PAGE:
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Monica Wofford is a leadership development expert, providing training and development to managers and leaders. For more information, contact 1-866-382-0121 or go to www.ContagiousCompanies.com

Have you been promoted, but not prepared? If yes, you can quickly learn how to lead with what you’ll read here.

Yes, but first some quick background to this post…

Her words stung as she freely hurled criticisms in my direction. A recently former employee, she was angry, but she caused me to question my skills and examine how I not only taught leadership, but how I learned to lead. Was it really possible for anyone to learn to lead, including me? Yes and here’s how to learn how to lead even better.

Don’t Discount Feedback

First of all, let’s talk about the angry words of a former employee. Even though hard to hear, there is usually a grain of truth in their experience. Listen to the words, filter out the emotion, and begin to analyze. Avoid the temptation to disregard that employee’s feedback completely because of who you think this person is or how they behaved that led to you freeing them up for new opportunities elsewhere. That said, not all employee feedback will be something upon which a leader takes action.

Trial and Error

This is perhaps the least effective method of learning to lead better. Employees will suffer and the leader suffers, as well, when flying by the seat of your pants and doing what feels right in the moment is your primary guide. Moments change, moods alter, and situational leadership without conscious thought leaves many a mixed message in its wake. No matter your age or level of experience, twenty years of leading wrong is still experience, but not what will help you. If trial and error has been your approach for learning leadership, maybe it’s time for more specific practice and less mistakes.

Personally Invest in Your Development

No matter how I say this, it will sound like a plug for our own suite of leadership courses, webinars, and consulting services that will, in fact, make you a more effective and better leader. That said, the leaders I’ve worked with in the last 25 years are more well equipped to handle the tough times, lead a team through change, and develop a team that collaborates, learns, and leads other teams in the succession plan. If you are not personally investments in your own leadership training and development, you either don’t think you are worth the improvement or don’t think it’s possible on a budget. There are many affordable options specific to your immediate leadership training need. Here are just a few examples: Leadership Webinars (scheduled and on-demand) | Leadership Training Courses | Leadership Coaching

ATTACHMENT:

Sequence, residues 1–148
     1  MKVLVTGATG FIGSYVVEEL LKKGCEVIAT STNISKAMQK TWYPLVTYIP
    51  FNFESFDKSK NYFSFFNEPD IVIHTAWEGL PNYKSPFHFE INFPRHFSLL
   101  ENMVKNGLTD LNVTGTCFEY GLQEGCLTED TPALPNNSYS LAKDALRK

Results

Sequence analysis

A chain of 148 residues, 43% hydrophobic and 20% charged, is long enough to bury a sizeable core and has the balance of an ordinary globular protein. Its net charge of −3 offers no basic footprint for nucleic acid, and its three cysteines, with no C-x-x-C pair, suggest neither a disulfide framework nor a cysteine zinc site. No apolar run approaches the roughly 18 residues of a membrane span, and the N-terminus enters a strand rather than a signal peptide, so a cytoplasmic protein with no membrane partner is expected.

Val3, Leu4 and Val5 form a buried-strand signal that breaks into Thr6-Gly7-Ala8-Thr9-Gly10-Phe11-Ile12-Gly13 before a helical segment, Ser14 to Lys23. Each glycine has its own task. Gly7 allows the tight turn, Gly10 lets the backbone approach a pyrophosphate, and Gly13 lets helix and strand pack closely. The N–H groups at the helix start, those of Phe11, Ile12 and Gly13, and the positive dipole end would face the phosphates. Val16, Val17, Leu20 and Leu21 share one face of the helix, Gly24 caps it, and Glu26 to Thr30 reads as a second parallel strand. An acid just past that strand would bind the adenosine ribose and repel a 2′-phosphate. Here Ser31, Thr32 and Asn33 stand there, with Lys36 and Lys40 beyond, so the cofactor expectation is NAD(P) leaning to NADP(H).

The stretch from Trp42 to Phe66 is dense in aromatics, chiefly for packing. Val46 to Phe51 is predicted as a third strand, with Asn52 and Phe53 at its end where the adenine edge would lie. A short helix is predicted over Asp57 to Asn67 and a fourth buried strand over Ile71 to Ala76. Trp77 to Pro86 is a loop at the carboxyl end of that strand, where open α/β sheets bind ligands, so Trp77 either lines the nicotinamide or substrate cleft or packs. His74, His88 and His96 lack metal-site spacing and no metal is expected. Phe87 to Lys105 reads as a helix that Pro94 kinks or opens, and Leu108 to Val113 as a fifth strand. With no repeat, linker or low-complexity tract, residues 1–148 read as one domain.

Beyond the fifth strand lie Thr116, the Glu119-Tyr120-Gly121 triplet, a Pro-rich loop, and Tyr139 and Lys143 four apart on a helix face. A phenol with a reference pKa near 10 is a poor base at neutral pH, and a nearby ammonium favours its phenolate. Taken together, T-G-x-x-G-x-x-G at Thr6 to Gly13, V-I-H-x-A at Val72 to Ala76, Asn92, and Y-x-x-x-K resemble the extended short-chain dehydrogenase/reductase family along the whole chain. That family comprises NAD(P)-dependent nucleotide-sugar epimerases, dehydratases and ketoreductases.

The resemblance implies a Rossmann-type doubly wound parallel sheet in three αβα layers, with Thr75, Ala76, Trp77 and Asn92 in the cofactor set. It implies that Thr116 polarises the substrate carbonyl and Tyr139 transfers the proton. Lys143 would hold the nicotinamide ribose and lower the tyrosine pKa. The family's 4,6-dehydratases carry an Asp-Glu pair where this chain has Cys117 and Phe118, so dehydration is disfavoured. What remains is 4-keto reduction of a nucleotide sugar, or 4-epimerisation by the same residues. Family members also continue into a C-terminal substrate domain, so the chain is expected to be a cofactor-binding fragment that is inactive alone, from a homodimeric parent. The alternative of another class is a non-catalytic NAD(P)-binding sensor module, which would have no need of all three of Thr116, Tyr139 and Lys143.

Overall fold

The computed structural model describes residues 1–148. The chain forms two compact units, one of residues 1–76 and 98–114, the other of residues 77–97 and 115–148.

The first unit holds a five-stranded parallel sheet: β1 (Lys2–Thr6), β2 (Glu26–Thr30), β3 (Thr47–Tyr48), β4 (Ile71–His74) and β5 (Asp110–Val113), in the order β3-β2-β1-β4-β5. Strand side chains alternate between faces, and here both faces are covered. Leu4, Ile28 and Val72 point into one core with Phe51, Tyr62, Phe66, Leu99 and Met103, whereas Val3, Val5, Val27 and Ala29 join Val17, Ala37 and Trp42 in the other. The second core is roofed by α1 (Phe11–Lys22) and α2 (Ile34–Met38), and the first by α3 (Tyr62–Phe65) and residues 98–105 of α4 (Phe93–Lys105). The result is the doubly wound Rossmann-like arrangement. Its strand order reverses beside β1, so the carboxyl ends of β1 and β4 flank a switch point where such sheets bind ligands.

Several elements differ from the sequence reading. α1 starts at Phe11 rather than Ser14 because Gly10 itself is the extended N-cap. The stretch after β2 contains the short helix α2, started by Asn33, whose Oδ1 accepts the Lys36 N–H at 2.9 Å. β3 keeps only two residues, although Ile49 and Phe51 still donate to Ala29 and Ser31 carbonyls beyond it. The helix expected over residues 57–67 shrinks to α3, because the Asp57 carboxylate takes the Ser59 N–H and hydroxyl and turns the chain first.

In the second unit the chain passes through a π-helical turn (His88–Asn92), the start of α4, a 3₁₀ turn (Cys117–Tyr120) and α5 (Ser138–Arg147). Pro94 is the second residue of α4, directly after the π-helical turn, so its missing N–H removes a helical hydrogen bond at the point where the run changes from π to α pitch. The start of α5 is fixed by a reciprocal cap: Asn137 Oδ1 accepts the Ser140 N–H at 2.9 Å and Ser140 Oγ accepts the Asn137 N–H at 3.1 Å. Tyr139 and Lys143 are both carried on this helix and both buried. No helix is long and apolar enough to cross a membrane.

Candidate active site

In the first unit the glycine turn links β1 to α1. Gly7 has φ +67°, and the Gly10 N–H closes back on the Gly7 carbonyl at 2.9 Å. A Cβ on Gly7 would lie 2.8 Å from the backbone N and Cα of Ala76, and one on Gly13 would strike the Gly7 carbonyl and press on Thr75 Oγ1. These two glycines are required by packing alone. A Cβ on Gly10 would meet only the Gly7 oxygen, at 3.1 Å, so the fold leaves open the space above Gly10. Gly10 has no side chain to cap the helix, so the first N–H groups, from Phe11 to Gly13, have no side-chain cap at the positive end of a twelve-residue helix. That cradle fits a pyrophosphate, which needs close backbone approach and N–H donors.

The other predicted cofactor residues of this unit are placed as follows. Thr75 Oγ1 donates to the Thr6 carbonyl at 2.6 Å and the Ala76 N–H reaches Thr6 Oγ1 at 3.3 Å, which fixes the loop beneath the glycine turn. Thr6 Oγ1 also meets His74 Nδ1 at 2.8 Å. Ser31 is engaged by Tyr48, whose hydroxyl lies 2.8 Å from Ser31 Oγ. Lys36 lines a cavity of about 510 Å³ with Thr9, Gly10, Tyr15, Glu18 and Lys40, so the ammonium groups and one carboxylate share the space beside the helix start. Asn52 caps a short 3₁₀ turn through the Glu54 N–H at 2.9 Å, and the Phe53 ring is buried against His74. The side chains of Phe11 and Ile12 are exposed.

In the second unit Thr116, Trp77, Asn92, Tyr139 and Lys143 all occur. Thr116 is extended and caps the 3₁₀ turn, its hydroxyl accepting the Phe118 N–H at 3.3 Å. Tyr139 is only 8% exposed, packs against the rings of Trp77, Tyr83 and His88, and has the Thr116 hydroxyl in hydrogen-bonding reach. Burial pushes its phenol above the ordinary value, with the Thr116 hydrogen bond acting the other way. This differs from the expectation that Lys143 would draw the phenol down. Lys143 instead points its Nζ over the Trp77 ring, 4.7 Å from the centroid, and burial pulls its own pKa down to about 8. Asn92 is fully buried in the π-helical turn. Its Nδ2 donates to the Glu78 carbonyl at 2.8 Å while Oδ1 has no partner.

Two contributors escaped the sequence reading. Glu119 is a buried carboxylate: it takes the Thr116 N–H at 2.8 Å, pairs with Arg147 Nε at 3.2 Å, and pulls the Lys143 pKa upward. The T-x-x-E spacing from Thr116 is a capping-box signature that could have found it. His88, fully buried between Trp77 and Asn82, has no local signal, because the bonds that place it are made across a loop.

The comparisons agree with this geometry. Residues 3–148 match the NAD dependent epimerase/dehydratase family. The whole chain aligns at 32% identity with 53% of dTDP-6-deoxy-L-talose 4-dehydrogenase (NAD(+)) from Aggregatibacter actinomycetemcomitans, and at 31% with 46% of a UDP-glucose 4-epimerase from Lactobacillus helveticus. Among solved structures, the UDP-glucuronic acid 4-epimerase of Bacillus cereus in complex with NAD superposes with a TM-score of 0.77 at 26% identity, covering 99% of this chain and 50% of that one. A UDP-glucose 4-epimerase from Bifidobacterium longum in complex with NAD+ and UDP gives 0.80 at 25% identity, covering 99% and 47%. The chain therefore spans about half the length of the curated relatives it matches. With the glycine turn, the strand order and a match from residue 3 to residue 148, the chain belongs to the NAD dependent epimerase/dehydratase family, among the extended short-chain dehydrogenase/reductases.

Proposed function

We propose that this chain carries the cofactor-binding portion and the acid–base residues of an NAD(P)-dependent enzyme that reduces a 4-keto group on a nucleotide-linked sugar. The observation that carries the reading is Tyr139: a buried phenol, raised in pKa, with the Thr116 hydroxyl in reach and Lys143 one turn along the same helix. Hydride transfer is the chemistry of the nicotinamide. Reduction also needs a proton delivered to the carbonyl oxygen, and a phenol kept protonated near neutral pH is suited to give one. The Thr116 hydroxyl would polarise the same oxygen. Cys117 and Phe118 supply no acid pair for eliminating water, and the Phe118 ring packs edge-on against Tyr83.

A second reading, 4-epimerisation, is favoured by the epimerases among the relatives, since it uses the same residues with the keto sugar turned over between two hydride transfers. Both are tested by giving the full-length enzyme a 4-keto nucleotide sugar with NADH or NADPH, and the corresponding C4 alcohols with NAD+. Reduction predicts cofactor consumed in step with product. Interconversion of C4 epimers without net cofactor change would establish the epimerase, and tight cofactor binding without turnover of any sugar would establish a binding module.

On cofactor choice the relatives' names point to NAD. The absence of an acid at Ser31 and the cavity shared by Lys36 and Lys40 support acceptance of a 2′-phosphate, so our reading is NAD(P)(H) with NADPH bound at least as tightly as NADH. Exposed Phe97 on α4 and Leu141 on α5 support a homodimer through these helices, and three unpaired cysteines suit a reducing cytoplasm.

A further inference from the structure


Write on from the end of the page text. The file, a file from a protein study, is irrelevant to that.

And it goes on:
Find a Mentor

I just received a book from a fellow board member. Her note with the book mentioned how she, too, loved reading about strong women and thought I might enjoy this book about the Widow Clicquot of Veuve Clicquot Champagne. I LOVED IT! A mentor in a book. Leaders need mentors and whether you find them in reading leadership books or through colleagues at the office or your neighbor who’s a retired executive, a mentor is a valuable part of your leadership learning.

Make the Time

Many a leader has told me that they don’t have time to do training. It’s the busy season or they are in the middle of an audit or a merger is about to occur. All of these events are exactly the time to do training as these are when exceptional leadership skills are needed most. The trick is to see leadership training as a process versus an event. Leadership doesn’t happen overnight. Leadership skills are not injected, even if they are contagious. Hehe! Determine you or the team’s specific need, or consult with a leadership development expert to narrow down your focus, and make the time to take it one step at a time. A webinar once a month will go a long way toward developing your skills and giving you interim time to practice those skills so that the training has staying power.

No one likes to receive negative feedback and I’m no exception. What this former employee said had some truth, but what it taught me is we ALL have areas to which we are blind and that could use some improvement. Whether it is in hiring the right people, creating a better strategic plan, building a team, or designing expectations, you can develop more effective leadership skills with minimal time, investment, and effort. Much less effort, I might add, than it takes to work through the process of letting someone go that perhaps was not a good fit for you or the team in the first place.

I’m Monica Wofford and that’s your Monday Moment. Have a great week, an even better Monday, and of course, stay contagious!

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